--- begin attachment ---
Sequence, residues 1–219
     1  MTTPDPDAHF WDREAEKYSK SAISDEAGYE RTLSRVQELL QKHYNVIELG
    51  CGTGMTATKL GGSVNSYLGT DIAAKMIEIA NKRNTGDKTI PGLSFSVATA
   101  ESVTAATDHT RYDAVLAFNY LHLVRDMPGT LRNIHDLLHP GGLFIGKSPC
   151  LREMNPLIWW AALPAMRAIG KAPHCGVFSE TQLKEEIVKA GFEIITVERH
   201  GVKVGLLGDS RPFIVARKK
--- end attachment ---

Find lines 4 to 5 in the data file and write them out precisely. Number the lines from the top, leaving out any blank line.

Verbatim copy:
   101  ESVTAATDHT RYDAVLAFNY LHLVRDMPGT LRNIHDLLHP GGLFIGKSPC
   151  LREMNPLIWW AALPAMRAIG KAPHCGVFSE TQLKEEIVKA GFEIITVERH